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  • 1.
    Bonvalet, M.
    et al.
    KTH, School of Industrial Engineering and Management (ITM), Materials Science and Engineering.
    Odqvist, Joakim
    KTH, School of Industrial Engineering and Management (ITM), Materials Science and Engineering.
    Ågren, John
    KTH, School of Industrial Engineering and Management (ITM), Materials Science and Engineering.
    Forsberg, Annika
    KTH, School of Industrial Engineering and Management (ITM), Materials Science and Engineering.
    Modelling of prismatic grain growth in cemented carbides2019In: INTERNATIONAL JOURNAL OF REFRACTORY METALS & HARD MATERIALS, ISSN 0263-4368, Vol. 78, p. 310-319Article in journal (Refereed)
    Abstract [en]

    A mean-field model dealing with prismatic grain growth during liquid phase sintering of cemented carbides with a Co-rich binder is presented. The evolution of the size of an assembly of non-spherical grains is obtained using a Kampmann-Wagner approach and by introducing a constant shape factor between the characteristic lengths of prisms. This factor is a function of interfacial energies of the two kind of facets, basal and prismatic, considered. The growth model is based on three different mechanisms, that can be rate limiting, taking place in series: 2D nucleation of a new atomic layer, mass transfer across the interface and long-range diffusion. The driving force for coarsening is distributed between the different facets. These equations are solved numerically, and the simulation results reveal that the specific abnormal grain growth phenomena experimentally observed in cemented carbides may be reproduced with this new more realistic description of the grain shape contrary to the spherical approach developed in the past. It is also shown that the initial powder size distribution, and more specifically its shape has a strong influence on the distribution of the driving force between the different rate limiting mechanisms and thus on the occurrence of abnormal grain growth. In that case, the self-similarity of the normalized grain size distribution over time is not achieved.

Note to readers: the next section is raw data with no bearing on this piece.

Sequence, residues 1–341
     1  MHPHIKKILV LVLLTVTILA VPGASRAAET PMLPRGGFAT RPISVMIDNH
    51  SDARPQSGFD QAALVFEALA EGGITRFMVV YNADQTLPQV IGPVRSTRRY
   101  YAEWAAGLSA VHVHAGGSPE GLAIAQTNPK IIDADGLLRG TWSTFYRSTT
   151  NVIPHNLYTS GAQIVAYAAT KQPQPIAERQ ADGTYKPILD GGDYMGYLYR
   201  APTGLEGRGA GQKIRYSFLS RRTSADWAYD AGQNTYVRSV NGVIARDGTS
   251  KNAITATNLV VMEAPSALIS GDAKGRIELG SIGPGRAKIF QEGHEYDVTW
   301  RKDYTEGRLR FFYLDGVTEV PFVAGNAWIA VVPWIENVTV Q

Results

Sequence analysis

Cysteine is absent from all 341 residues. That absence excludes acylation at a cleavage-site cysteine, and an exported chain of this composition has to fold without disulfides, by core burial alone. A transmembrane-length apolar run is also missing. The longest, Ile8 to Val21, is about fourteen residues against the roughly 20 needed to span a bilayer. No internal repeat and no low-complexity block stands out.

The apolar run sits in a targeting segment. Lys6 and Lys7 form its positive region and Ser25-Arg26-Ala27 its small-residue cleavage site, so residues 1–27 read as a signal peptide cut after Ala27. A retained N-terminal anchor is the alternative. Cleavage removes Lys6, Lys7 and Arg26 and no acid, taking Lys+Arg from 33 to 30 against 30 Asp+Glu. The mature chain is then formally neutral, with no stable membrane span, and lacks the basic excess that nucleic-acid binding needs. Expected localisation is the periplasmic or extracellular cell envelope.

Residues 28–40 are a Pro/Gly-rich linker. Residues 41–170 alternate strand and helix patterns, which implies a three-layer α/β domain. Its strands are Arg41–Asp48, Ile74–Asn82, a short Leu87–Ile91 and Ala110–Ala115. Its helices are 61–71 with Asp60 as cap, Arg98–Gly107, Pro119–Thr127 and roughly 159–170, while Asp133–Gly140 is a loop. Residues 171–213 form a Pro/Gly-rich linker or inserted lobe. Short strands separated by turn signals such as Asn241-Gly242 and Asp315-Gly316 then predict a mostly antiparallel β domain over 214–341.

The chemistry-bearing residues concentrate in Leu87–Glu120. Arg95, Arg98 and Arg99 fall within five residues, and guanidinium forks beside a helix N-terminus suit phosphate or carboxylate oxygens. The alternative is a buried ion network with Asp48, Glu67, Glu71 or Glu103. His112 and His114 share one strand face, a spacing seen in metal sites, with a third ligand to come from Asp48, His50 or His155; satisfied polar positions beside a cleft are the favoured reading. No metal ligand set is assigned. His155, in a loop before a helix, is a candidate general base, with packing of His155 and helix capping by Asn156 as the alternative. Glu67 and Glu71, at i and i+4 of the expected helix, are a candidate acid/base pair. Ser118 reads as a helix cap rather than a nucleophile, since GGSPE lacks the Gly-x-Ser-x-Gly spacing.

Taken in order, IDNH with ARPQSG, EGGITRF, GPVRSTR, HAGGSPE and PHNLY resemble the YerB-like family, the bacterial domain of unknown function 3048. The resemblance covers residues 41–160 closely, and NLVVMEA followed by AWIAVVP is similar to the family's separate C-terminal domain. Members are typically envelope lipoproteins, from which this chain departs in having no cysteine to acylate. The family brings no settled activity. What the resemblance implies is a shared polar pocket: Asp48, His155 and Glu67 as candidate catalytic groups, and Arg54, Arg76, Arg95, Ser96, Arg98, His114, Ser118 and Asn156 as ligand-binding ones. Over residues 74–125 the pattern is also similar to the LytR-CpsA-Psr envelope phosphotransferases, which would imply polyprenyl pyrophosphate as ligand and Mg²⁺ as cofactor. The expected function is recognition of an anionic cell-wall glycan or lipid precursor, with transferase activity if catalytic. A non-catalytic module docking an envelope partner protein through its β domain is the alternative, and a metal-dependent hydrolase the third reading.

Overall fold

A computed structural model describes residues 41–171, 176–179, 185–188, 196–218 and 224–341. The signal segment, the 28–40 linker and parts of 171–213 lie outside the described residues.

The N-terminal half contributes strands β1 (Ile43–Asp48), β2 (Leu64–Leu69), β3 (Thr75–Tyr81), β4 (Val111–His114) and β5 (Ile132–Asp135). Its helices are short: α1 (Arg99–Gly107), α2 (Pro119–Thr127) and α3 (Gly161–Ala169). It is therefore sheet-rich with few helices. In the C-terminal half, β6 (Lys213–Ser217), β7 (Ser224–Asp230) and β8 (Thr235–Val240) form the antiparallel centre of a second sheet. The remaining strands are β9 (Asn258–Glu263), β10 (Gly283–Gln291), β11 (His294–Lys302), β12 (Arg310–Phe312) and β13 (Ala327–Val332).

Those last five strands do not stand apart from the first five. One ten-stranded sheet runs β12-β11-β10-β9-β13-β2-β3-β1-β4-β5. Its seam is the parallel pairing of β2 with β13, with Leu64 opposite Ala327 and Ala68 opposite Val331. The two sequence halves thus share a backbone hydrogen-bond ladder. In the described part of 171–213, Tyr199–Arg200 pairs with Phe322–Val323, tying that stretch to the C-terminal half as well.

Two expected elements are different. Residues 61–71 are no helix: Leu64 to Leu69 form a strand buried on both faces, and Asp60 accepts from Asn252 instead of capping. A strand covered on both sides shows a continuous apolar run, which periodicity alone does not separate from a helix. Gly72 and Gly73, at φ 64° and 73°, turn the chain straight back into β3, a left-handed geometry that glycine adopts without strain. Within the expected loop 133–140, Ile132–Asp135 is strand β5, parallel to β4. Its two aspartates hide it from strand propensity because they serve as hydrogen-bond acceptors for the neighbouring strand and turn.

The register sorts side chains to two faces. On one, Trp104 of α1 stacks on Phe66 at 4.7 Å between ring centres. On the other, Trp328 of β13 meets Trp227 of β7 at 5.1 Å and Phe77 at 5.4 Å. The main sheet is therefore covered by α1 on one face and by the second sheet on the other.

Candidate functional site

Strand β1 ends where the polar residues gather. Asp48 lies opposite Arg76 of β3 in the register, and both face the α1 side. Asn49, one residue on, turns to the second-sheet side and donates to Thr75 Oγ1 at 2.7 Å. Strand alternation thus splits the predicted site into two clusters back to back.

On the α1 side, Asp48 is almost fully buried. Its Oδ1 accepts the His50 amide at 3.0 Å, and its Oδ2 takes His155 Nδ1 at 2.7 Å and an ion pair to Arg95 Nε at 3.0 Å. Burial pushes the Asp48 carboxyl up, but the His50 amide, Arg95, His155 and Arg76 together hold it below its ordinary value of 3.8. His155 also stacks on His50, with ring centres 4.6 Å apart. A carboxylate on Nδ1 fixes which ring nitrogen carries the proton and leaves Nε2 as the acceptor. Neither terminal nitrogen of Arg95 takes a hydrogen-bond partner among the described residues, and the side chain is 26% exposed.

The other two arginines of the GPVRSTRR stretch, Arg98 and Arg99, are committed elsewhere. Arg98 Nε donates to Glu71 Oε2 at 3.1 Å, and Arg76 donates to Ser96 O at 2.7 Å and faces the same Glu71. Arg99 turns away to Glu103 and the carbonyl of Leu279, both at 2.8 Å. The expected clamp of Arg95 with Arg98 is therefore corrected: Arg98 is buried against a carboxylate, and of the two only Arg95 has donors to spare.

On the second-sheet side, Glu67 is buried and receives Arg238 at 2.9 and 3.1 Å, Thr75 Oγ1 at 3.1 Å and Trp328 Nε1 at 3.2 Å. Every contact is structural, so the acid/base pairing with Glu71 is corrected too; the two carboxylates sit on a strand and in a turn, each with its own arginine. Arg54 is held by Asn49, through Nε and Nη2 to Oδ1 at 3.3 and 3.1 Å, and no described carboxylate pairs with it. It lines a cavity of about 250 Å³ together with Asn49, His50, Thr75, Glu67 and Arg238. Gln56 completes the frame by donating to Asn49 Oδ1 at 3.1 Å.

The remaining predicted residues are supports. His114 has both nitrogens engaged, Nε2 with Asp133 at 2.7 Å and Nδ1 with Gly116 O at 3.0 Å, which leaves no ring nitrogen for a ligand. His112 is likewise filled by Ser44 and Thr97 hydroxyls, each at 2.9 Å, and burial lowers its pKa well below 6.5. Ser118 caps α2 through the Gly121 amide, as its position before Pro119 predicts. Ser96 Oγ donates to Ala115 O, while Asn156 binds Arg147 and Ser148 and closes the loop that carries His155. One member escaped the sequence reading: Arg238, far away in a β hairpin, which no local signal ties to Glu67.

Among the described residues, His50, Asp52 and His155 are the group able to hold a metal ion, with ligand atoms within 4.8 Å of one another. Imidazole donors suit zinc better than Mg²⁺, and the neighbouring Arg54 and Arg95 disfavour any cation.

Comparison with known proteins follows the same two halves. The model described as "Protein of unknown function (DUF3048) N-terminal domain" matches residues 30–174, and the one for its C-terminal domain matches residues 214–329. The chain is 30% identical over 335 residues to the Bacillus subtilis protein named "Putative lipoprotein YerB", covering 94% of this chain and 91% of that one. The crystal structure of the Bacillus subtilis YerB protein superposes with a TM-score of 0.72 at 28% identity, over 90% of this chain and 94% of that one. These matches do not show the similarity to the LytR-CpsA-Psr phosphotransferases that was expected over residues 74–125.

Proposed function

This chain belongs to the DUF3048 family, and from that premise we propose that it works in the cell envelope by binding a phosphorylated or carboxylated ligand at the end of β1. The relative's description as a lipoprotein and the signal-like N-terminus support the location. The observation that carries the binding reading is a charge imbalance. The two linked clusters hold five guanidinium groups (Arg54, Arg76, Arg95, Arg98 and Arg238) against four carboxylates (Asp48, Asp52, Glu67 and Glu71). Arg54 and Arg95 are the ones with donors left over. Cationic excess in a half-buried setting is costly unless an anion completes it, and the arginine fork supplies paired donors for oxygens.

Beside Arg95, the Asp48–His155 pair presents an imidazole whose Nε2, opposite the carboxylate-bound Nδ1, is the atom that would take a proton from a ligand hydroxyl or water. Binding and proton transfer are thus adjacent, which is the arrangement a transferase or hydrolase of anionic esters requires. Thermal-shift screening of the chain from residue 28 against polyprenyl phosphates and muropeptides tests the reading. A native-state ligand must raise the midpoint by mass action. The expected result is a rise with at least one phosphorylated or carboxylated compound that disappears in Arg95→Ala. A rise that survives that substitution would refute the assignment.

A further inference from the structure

• 2.
    Borgenstam, Annika
    KTH, School of Industrial Engineering and Management (ITM), Materials Science and Engineering.
    Certain aspects of the bainitic transformation in steel2015In: PTM 2015 - Proceedings of the International Conference on Solid-Solid Phase Transformations in Inorganic Materials 2015, International Conference on Solid-Solid Phase Transformations in Inorganic Materials , 2015, p. 69-70Conference paper (Refereed)
  • 3.
    Borgenstam, Annika
    KTH, Superseded Departments, Materials Science and Engineering.
    Nucleation and growth of martensite in steel1997Doctoral thesis, comprehensive summary (Other scientific)
  • 4.
    Borgenstam, Annika
    et al.
    KTH, School of Industrial Engineering and Management (ITM), Materials Science and Engineering, Physical Metallurgy.
    Edmonds, D.
    Hillert, Mats
    KTH, School of Industrial Engineering and Management (ITM), Materials Science and Engineering, Physical Metallurgy.
    Eutectoids with cementite as the major constituent in Fe-C-M alloys2016In: Acta Materialia, ISSN 1359-6454, E-ISSN 1873-2453, Vol. 103, p. 280-289Article in journal (Refereed)
    Abstract [en]